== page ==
Recursion by Blake Crouch is an adult science fiction standalone.
What is a memory? Is it a projection of the past? What happens to memories when they are gone? Are we made up of memories? Can memories be false?
These are the questions New York City copy, Barry Sutton, has begun to ask himself as he investigates the rising epidemic of False Memory Syndrome–a mysterious illness where people are driven made with remembering false lives they never lived.
Neuroscientist Helena Smith has made understanding and saving memories her life work. She is dedicated to creating a memory machine that will store and even restore the memories of people with Alzheimers.
As Helena’s technology makes it’s way into the wrong hands, False Memory Syndrome is on the rise and the panic it is causing has become out of control. As the truth of what is happening escalates, it is up to Barry and Helena to make things right. But playing with the past could very well doom the future.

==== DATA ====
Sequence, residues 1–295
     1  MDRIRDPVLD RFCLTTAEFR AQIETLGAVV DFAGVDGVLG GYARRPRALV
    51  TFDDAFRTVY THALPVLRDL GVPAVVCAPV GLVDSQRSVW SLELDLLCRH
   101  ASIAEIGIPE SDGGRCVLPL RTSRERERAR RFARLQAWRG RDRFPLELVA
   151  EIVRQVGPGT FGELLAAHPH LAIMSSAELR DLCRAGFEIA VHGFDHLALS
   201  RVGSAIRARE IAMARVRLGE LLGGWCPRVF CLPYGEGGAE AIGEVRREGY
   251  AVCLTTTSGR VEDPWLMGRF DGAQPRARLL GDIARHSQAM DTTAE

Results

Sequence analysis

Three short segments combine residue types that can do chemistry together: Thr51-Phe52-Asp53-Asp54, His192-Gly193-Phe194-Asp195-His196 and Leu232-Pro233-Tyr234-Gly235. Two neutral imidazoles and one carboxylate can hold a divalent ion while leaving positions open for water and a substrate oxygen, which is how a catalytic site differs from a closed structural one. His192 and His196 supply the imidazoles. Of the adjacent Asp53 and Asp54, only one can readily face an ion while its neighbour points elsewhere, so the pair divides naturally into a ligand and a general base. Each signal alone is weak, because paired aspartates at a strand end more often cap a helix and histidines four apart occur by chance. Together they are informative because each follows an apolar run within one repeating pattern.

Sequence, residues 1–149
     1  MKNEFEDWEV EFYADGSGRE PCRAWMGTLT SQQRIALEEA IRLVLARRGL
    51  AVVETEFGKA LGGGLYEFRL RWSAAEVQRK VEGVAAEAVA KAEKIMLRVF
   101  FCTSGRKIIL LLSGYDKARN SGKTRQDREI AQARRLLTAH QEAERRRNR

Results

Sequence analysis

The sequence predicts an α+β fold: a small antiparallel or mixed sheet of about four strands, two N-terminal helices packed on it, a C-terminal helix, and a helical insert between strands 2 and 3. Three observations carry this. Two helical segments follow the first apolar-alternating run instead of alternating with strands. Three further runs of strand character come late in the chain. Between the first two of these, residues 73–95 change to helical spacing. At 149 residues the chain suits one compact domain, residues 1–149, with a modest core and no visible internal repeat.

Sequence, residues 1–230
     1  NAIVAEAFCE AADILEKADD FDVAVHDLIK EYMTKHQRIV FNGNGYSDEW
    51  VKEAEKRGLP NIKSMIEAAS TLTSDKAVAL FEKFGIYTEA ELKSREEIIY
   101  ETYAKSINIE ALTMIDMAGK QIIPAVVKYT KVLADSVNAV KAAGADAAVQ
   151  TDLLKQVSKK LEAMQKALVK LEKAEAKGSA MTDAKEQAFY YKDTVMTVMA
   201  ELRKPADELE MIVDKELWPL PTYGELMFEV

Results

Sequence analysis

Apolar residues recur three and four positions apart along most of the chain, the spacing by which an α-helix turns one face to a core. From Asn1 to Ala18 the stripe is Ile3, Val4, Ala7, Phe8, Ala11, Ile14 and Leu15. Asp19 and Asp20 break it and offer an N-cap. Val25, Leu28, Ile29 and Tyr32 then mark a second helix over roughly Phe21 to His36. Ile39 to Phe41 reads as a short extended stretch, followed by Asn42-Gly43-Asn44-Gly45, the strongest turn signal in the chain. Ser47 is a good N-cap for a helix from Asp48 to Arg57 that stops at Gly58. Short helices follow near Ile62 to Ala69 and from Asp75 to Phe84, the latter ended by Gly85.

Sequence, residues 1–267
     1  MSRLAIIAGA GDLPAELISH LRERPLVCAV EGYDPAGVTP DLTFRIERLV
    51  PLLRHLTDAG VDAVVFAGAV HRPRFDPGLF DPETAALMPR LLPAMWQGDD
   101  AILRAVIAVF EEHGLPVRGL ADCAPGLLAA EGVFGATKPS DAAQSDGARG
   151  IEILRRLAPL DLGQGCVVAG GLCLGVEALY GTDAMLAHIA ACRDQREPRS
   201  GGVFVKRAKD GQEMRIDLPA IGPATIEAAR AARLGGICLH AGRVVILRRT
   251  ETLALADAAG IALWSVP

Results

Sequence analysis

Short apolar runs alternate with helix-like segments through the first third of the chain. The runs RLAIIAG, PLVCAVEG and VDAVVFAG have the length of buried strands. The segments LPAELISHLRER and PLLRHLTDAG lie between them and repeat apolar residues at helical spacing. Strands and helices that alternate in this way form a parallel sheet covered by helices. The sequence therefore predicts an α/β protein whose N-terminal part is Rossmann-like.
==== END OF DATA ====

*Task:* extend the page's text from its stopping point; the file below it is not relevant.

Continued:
Recursion is another success by Crouch. I swear after reading his Dark Matter, my mind questioned everything for a good day or two. Recursion is very similar in this respect, in that it really makes you think. What is memory? Are my memories still alive out there somewhere? Can we ever access them fully?
One of the things I love about Crouch’s books is that they are plausibly scientific even while they are labeled “science fiction.” The science is all there and, not having a PhD in physics or anything, seems legit. And yet we get this out there possibility, when, if you think about it, may not be so very out there.
Helena and Barry’s relationship is so emotional and melds seamlessly with the story, alternate timelines, memory jumps and all. I really enjoyed their dynamic and I think it helped to ground the story.
Ultimately, I love a good book that makes me think and this one does just that. This one gets 4.5 high stars from me.
That’s all for now!